3 out of 5
Director: Gendy Tartakovsky
Probably one of the most legitimately funny and visually creative animated movies I’ve seen in quite a while, director Tartakovsky, according to the wiki page, attempted to approach the CG world with the same sort of anything-goes manic-ness of Tex Avery-style animation. It might seem like computer graphics have allowed such imagination to come to life more easily, but you’ll notice a difference in pacing and dialogue patter as soon as the flick gets going. Ever since we shifted over to CG for de facto animation, spectacle and adventure HAS become easier to paint upon the screen, a sense of scope not always achievable in the more ‘2D’ world of hand-drawn art. However, whether it’s some uncanny valley aspect or something, our brains and eyes just weren’t ready for the in-and-out surrealism of classic Looney Tunes done up in computer. Thankfully, time has passed and we can digest it now, only just barely, for when HT is in full gear, your eyes are zooming left and right to try to gather all of the amazing detail and visual zingers, and amazingly, it keeps up this pacing for most of the movie, Genndy’s training with big and small screen animation / storyboarding giving him a great sense of comedic timing and framing. But.. when it slows down for story it gets woefully typical, and these elements (the beginning, a middle “moral” learned, most of the last ten or fifteen minutes) just don’t mesh well with the flow. You want to get back to the gags. For fans of Genndy’s particular animation style, you will see it pop up in a lot of character responses and movements, though the designs are mostly out of the CG playbook. And the ending credits are a nice gift. However, Genndy must’ve sneaked in some tweaks to Drac, who at times is a shoe-in for, uh Jack. Otherwise, we have some genre stalwarts to thank for how packed the design is with visual goodness. The voice actors also do their duty well enough, but Adam Sandler is especially surprising in an accented and yet restrained-at-the-right-moments portrayal of Dracula. It’s a joy to watch, if not particularly deep or original beyond the zippy surface.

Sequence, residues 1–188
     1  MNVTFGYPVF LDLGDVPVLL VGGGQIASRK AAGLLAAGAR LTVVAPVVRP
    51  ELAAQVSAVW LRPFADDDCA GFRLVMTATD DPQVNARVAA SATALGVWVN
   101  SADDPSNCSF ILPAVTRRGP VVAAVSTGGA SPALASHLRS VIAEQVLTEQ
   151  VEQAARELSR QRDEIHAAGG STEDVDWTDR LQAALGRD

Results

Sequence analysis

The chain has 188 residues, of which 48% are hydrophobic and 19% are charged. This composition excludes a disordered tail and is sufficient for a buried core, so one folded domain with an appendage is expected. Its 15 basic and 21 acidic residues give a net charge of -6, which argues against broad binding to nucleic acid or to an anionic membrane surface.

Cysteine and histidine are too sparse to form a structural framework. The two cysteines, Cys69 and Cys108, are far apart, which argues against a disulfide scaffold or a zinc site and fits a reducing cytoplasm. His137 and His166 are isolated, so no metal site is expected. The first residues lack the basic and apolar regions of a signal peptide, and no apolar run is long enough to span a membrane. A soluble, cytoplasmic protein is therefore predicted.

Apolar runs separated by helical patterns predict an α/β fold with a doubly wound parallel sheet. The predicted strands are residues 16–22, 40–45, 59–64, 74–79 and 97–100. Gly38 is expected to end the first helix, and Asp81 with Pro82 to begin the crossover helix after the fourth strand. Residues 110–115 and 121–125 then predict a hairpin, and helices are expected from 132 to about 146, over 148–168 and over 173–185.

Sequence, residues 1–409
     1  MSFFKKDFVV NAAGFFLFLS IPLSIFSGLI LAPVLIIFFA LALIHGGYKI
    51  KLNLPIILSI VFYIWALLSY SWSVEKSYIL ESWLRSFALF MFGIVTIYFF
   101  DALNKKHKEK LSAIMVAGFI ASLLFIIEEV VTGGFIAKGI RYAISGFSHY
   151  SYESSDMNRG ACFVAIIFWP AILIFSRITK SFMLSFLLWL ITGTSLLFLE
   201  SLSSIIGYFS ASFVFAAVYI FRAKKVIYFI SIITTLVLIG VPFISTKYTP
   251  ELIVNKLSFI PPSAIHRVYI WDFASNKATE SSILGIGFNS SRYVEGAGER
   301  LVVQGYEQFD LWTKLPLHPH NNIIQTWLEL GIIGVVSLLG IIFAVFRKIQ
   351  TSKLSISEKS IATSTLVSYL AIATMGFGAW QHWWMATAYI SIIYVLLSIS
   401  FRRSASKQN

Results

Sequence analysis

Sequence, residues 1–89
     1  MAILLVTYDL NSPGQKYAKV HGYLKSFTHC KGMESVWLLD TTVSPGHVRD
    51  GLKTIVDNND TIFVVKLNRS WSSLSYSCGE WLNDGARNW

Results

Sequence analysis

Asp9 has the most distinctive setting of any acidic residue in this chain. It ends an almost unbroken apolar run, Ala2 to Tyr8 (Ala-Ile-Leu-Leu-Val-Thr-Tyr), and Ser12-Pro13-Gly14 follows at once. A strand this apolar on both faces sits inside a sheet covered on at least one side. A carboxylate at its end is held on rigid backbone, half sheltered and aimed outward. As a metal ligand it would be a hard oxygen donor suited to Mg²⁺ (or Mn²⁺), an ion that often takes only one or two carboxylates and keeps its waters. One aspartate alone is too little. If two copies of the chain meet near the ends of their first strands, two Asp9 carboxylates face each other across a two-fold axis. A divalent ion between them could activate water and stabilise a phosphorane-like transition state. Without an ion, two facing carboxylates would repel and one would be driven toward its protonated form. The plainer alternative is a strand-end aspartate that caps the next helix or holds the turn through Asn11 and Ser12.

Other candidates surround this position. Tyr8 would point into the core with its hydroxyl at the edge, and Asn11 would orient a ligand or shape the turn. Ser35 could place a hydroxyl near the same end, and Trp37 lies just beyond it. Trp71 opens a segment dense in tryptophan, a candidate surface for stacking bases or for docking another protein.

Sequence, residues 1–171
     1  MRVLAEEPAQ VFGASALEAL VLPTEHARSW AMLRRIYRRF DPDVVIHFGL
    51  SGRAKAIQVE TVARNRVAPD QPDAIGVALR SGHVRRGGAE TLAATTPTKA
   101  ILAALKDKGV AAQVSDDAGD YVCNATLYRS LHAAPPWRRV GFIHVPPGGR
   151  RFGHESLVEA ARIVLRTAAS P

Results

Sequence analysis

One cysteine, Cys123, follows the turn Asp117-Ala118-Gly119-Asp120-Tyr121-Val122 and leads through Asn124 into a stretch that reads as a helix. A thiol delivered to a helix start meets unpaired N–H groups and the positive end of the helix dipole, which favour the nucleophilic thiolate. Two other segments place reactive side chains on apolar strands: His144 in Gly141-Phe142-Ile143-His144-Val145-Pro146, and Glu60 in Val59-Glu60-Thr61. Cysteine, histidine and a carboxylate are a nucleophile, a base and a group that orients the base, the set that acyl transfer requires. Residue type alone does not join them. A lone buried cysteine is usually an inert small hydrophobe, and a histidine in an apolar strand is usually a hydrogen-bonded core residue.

The blu-ray release has some kid friendly additions – some new shorts, some singalongs – but it’s very much made with adult fans – and like Genndy fans – in mind, as there’s a lot on process (that ends up supporting my fascination with how animated the style of the flick is), and the film commentary with Tartakovsky, the lead animator, and the producer, is very informative on how the movie changed during the production process, and the efforts required from scene to scene. Also, one of the aforementioned shorts is a hand-drawn Genndy joint, so that’s a win-win.